King Lemuel is referred to only once in the Bible, in Proverbs 31. The chapter begins: "The words of King Lemuel. An oracle his mother taught him" (v. 1). The advice that follows, which is an exhortation to chastity, justice, mercy, and temperance, appears to end with verse 9, but might continue through the end of the book. Nothing else is found in the Bible about King Lemuel aside from the two mentions in the beginning of Proverbs 31 (verses 1 and 4). Jewish legend identifies Lemuel as Solomon, here taking advice from his mother Bathsheba, but there is no clear evidence for that.
The name Lemuel means "belonging to God" in Hebrew. Because he is identified as "King" we can assume that Lemuel ruled over something or someone, but we don't know if it was Israel or Judah or any other province. Lemuel is not found in any listing of the kings of Israel, particularly during the time of the writing of Proverbs. That seems to add credence to the idea that Lemuel is another name for King Solomon.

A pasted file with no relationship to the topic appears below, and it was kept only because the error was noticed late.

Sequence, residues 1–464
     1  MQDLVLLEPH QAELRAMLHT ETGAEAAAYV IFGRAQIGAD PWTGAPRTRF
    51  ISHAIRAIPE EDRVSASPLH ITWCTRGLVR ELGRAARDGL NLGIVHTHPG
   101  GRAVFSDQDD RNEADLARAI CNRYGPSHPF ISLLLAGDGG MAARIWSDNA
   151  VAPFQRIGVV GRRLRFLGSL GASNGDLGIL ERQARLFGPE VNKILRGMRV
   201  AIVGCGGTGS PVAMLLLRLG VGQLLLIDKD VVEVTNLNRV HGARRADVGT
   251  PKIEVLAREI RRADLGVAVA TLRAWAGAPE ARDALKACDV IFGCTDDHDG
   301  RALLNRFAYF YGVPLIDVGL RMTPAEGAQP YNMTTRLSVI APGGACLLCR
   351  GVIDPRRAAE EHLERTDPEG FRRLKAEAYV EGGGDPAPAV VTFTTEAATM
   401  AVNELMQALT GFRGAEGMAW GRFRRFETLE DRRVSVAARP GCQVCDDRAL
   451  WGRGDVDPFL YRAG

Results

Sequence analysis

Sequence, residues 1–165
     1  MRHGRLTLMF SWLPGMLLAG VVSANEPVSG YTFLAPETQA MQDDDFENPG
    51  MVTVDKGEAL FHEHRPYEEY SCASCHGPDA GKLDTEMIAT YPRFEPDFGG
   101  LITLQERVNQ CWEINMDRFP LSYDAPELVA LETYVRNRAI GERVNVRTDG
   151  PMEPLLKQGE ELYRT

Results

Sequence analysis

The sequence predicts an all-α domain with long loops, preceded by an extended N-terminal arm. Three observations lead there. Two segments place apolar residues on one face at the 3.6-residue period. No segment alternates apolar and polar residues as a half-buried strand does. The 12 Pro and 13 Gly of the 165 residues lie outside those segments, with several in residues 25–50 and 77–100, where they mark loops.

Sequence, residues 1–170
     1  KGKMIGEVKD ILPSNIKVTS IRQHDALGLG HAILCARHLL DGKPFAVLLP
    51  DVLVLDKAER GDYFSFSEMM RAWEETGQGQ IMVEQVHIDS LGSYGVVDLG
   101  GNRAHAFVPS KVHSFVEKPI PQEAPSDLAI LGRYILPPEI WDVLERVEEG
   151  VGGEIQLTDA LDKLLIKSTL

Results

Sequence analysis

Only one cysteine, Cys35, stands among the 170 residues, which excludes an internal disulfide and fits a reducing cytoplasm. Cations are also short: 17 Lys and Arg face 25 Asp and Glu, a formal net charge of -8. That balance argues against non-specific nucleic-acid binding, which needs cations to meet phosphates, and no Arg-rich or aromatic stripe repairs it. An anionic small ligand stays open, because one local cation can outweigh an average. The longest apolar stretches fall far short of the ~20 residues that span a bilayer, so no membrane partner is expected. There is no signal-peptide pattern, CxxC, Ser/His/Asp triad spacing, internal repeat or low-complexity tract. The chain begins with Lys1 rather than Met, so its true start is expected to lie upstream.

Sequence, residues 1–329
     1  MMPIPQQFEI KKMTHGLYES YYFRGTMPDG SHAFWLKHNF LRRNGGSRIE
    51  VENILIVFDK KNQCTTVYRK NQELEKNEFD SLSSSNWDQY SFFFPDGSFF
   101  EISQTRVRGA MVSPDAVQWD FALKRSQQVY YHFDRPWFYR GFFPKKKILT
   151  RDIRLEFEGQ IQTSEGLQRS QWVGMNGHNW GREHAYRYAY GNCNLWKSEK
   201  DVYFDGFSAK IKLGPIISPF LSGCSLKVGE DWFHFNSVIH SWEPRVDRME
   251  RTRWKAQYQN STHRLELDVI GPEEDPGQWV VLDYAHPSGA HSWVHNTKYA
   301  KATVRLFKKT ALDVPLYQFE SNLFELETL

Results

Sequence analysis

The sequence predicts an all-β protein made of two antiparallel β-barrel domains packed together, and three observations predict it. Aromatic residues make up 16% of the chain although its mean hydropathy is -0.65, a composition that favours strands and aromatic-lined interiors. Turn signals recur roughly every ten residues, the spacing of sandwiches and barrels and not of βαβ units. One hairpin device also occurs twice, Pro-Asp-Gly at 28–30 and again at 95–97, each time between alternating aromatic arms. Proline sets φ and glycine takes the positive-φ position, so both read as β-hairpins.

If Lemuel is indeed Solomon, and considering that Solomon had numerous wives and concubines, it is fitting that his mother would give him advice about women and how to find a virtuous wife. Verses 10-31 of the proverb list the attributes and character qualities of the kind of wife who would be an asset to any man, but especially to a king who needs wisdom in the choice of one who would influence him.
If the mother in this proverb is Bathsheba, she had first-hand knowledge of the danger multiple wives can be for a ruler. First Kings 11 describes the sad result of Solomon ignoring his mother's advice. Despite God's warnings not to take wives from foreign nations, Solomon did exactly that and his wives turned his heart away from God (1 Kings 11:1-13).
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